Graceful Degradation – Georgia Tech – Advanced Operating Systems

Graceful Degradation – Georgia Tech – Advanced Operating Systems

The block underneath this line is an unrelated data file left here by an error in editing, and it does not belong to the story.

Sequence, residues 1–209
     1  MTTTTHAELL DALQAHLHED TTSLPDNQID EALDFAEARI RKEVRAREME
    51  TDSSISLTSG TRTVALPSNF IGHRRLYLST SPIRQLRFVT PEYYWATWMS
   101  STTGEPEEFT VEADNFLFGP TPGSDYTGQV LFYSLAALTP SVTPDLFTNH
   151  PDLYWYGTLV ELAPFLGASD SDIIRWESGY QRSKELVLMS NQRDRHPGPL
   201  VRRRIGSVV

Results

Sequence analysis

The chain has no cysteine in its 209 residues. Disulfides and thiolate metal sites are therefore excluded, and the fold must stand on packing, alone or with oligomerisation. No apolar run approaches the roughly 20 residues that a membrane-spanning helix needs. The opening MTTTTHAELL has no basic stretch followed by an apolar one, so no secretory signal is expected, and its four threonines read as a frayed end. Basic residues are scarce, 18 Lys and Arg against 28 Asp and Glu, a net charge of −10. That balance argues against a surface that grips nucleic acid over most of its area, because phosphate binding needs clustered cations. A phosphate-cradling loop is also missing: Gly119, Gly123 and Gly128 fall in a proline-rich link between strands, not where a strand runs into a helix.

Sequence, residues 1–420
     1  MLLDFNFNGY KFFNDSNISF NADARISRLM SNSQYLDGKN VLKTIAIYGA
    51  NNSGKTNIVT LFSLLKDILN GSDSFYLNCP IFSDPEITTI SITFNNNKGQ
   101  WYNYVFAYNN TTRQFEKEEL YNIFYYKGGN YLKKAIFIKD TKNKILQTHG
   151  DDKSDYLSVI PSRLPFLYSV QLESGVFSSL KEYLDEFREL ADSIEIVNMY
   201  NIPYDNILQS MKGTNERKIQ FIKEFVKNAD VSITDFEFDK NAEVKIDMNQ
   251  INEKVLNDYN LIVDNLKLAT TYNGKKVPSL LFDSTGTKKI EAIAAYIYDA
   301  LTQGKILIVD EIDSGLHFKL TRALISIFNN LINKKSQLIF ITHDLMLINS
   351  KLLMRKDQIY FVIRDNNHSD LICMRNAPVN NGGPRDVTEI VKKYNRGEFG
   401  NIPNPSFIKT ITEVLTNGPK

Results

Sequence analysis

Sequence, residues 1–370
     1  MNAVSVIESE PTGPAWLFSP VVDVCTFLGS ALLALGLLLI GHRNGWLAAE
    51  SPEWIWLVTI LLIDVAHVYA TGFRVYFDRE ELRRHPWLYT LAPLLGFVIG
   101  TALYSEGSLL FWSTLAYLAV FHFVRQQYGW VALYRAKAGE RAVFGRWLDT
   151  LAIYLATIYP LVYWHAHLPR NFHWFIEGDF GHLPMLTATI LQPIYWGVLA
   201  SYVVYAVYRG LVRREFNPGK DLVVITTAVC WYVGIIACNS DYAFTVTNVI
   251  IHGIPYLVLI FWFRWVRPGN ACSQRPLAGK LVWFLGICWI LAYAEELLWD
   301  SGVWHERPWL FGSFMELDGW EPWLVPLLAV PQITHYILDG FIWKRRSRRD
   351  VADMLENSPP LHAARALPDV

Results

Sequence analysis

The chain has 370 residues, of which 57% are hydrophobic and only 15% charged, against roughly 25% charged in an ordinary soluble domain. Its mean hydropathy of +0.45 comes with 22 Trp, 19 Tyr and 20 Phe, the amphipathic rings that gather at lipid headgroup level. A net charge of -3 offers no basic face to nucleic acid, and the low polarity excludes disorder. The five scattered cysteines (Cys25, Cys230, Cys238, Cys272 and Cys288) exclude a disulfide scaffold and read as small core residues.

And the DQ principle is also very useful for managing graceful degradation of service. So DQ defines to total system capacity. So if a server is saturated, meaning that we have reached the limit of the server in terms of DQ. That’s a constant. DQ’s a constant. And so if you reach that limit, then we have a choice of graceful degrading the service from the point of view of the client. One possibility is we keep the harvest the same meaning that every client request that comes in has complete fidelity in terms of the answers returned by the server. So D is fixed. Q comes down because DQ is a constant. That’s one option. The other option, of course, is to keep the volume of clients that are service, that is the yield Q to be a constant, but decrease the harvest. So the fidelity of the results returned to the users is less than. 100%, but we keeping more of the user community happy by serving more of them. Because DQ is a constant, it allows us to gracefully degrade the service being provided by the server depending on the choice you want to make in terms of fidelity of the result or the yield that you want to provide the user community. In other words. The DQ principle gives us an explicit strategy for managing saturation. So as a system administrator, when we make these decisions on which to sacrifice and which to keep constant, we know how our decisions are going to affect the harvest, how it’s going to affect the yield. How it is going to affect the up time and so on. So the choices that a system provider has or strategies that a system provider can use in structuring the servers, knowing that DQ is a constant, is when the server is saturated. They can do cost based admission control. You pay more, you get more. That may be one way to do it. Or priority or value based admission control. That may be another way to deal with service saturation or reduce data freshness. That is the harvest may be the same, but you reduce the fidelity of the data. For instance, if I’m serving videos, and I can serve the videos at different bit rates, if the server is saturated, I might decide to serve the video to all the users, all the videos that they want, but at a lower bit rate. So that is reducing the fidelity. Of the data that is being harvested. So that’s the idea behind the DQ principle, how it might be used for graceful degradation of service when the server is saturated.